1984 is a novel by British author George Orwell, published in 1949. How has that period - the late 1940s - shaped the novel? What world event and its consequences led to Orwell writing such a dystopian novel? Professor Bowen claims the Senate House, formerly Ministry of Information, is the basis for the novel's Ministry ...

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Postcard from Uluru

Many texts explore the connection people have to a particular place. In this clip, explore the beauty and majesty of Uluru and learn about the significance this sacred place holds for many Australians. Notice how visual language can be used to reinforce these ideas.

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Gary Crew and the role of objects

In some stories, writers use particular objects as symbols. In other stories, writers use objects as tools to help them shape their narrative. What does Gary Crew say about the meaning of the ring in Strange Objects? What is its purpose within the story?

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The lost and the missing at Hanging Rock

Joan Lindsay's 'Picnic at Hanging Rock' is often considered a classic of Australian literature. But what makes it so well-regarded? And does everyone agree? Join in this panel discussion and explore why one person's literary masterpiece is another's turgid pot-boiler.

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Class and gender roles in 'Wuthering Heights'

'Wuthering Heights' is considered by many to be a great romance novel. Jeanette Winterson, however, thinks it is anything but. What does she think the book is about? Do you agree?

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Rethinking drinking alcohol

'High Sobriety', a book that journalist Jill Stark wrote about her experiences after deciding to stop drinking, provoked a lively discussion on the First Tuesday Book Club. All panellists were affected by the work. Have any books changed your life or made you question your beliefs and behaviour?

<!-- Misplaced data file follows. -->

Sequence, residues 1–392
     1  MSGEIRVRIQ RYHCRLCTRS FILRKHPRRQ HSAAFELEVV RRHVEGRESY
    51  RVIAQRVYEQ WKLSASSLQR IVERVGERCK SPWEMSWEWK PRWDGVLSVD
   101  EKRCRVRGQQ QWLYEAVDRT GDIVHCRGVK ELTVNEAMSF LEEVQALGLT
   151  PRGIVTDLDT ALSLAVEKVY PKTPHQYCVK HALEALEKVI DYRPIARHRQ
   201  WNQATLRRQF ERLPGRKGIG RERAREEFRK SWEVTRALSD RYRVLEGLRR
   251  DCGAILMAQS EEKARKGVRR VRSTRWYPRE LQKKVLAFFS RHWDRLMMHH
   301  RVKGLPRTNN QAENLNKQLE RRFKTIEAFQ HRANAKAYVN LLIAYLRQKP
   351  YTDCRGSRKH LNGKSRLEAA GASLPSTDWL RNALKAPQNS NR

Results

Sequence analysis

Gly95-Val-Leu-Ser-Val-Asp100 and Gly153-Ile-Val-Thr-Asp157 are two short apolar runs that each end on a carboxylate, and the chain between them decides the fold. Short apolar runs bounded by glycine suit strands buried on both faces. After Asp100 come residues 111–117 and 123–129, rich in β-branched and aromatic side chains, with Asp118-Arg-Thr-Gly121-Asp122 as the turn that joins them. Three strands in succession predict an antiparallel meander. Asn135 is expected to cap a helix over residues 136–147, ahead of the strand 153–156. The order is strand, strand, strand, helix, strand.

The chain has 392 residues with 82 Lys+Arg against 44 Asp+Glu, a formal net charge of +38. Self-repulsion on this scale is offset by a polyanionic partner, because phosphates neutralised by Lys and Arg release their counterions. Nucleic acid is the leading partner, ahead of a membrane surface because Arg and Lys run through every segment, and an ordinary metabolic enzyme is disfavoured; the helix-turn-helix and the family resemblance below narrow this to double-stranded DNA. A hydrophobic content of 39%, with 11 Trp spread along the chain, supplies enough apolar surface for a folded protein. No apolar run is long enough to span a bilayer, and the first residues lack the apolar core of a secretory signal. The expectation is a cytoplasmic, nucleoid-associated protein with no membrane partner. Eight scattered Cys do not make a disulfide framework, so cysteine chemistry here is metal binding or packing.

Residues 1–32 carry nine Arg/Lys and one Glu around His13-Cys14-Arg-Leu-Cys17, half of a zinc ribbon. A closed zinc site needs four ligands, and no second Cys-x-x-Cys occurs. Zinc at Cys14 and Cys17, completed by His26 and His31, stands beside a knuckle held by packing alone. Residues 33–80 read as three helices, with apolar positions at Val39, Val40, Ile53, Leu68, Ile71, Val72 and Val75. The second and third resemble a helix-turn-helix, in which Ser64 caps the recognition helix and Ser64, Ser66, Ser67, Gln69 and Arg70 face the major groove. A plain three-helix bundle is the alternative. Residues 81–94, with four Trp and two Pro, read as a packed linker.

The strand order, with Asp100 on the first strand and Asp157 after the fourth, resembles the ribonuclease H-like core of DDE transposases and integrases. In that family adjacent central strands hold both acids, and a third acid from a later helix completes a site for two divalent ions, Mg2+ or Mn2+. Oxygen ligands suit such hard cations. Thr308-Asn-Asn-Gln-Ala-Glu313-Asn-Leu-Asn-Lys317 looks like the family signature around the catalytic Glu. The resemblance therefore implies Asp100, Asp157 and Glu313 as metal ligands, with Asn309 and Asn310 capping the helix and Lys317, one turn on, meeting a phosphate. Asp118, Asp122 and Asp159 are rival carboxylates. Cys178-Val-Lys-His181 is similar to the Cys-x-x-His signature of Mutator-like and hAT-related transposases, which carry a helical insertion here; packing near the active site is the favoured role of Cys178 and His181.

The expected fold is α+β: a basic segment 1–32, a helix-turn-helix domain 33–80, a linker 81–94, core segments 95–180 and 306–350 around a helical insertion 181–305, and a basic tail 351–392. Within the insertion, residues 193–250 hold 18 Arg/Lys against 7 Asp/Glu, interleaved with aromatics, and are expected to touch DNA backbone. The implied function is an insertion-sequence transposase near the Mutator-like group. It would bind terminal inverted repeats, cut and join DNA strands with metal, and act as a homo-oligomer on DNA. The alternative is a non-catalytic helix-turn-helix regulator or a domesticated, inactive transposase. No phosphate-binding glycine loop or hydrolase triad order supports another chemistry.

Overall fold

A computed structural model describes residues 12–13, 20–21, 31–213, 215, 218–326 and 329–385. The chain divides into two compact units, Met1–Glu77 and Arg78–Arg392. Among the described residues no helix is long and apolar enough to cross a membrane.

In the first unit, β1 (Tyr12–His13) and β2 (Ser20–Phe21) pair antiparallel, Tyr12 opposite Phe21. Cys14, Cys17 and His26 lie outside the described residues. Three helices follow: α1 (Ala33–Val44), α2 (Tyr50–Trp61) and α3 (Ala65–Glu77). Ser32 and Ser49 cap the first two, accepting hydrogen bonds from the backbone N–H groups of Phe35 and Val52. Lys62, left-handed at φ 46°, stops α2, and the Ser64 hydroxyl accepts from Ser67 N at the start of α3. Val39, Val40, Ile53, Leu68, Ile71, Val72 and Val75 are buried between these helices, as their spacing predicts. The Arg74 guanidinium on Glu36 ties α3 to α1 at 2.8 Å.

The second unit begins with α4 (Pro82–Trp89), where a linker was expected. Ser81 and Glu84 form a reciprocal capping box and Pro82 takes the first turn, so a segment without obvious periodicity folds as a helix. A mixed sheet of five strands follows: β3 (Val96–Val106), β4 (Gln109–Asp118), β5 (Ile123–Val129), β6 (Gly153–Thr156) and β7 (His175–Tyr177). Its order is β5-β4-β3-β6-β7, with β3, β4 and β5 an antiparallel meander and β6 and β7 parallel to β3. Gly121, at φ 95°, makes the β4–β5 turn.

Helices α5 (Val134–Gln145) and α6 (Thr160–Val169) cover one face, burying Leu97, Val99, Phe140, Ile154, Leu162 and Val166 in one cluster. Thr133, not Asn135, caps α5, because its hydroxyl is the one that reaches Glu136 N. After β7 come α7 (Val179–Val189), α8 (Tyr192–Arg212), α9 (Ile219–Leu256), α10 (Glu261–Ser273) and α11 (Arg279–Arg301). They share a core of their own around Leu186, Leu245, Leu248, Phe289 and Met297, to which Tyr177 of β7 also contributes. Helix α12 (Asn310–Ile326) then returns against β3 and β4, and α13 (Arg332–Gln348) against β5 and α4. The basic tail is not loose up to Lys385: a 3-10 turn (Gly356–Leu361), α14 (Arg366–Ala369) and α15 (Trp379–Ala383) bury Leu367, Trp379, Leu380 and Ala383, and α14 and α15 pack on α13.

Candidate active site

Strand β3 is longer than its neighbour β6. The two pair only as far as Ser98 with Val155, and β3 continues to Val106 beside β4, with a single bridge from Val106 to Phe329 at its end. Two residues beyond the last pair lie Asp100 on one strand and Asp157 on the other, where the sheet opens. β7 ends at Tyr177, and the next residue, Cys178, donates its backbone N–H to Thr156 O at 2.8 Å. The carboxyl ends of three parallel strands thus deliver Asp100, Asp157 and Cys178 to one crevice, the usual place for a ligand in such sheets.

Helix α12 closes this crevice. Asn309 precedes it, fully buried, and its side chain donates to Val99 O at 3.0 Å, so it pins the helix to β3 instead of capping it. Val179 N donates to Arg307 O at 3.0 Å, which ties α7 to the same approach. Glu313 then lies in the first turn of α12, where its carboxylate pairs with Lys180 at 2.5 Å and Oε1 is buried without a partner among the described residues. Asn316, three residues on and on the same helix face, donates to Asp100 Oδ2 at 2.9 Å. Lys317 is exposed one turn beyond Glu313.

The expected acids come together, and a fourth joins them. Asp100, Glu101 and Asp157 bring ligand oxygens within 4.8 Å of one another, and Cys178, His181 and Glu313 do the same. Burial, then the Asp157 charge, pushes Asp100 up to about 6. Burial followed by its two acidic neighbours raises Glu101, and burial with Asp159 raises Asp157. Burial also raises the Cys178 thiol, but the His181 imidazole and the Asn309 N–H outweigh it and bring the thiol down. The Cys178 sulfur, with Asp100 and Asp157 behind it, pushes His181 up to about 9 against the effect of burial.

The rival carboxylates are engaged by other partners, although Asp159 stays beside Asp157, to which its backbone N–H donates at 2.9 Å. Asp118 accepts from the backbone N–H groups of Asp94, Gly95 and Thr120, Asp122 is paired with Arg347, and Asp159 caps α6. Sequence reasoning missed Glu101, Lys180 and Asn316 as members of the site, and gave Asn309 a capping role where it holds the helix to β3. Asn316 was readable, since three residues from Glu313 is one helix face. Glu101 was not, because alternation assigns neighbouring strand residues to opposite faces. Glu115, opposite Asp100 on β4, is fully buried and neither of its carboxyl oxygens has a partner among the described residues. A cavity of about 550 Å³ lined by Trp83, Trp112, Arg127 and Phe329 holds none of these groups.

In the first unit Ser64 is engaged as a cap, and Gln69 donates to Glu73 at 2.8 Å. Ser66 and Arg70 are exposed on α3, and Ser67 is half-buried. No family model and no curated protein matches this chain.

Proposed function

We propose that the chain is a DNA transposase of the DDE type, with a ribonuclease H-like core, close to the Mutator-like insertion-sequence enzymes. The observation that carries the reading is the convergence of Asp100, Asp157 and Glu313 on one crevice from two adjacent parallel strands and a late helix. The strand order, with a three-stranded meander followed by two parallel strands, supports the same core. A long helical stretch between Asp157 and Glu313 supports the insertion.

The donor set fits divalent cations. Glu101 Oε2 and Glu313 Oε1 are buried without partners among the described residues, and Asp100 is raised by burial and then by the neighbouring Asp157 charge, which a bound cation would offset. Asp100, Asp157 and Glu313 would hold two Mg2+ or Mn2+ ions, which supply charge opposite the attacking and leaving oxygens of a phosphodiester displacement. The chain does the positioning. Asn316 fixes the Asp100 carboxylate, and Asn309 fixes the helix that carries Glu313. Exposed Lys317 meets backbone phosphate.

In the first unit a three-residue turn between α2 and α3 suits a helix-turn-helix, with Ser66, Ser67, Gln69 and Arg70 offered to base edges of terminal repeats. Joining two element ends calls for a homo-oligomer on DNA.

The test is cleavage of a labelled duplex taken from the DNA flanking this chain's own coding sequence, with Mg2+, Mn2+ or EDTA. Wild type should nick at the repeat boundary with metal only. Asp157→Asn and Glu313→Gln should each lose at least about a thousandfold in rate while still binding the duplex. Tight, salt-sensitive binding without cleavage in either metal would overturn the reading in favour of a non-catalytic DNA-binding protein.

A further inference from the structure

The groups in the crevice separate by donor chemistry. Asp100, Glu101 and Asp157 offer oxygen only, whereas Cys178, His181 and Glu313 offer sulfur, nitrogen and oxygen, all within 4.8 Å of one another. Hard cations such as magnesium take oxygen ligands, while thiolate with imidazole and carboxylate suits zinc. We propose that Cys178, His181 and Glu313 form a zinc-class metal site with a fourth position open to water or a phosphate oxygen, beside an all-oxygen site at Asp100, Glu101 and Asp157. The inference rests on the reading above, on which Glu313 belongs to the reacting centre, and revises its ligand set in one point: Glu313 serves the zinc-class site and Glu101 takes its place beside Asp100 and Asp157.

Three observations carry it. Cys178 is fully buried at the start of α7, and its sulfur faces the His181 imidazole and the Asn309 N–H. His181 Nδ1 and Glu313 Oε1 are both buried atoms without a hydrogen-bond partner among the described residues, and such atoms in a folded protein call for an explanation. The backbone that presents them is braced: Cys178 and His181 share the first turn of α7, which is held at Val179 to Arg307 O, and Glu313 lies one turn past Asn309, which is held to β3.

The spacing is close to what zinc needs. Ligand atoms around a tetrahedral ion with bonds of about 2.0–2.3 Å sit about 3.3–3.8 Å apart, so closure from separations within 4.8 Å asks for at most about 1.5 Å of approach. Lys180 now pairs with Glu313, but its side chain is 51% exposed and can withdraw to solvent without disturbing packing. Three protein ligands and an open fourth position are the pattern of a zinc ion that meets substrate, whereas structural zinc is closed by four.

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Kafka's 'The Metamorphosis': perfect fiction?

Franz Kafka's 'The Metamorphosis' is a classic of modernist literature. Explore why this novel continues to fascinate people 100 years after it was published. Jennifer Byrne leads the discussion with critics and writers Andy Griffiths, Toni Jordan, Marieke Hardy and Jason Steger.

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Cult novels and their characters

A cult novel is one that holds special status for certain readers. Generally, cult novels are those that are passionately loved by a small group of people. In this clip, discover why author Markus Zusak's favourite cult novel is 'Catch-22' by Joseph Heller.

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Character creation in book and film

What are some of the ways novelists create the characters in their books? Are these options available to writers of movie screenplays? Listen to renowned screenwriter John Collee as he describes the importance of action in revealing character, using the film adaptation of 'The Lion, the Witch and the Wardrobe' as an example.

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Persuasive writing: albatrosses under threat

Imagine you are an ecologist who is desperate to save an endangered bird species, the Wandering Albatross. How can you convince people to support your cause? In this audio clip, explore how language choices can have a big impact on your audience.

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Pitching the perfect news story

Ever considered the amount of thought and planning that would need to go into each and every news item? Journalists must plan their stories carefully and pitch them to their editors, who decide which items will go to air. Learn some tips about creating the perfect pitch from Triple J Hack experts Michael Atkin and Kaitlyn Sawrey.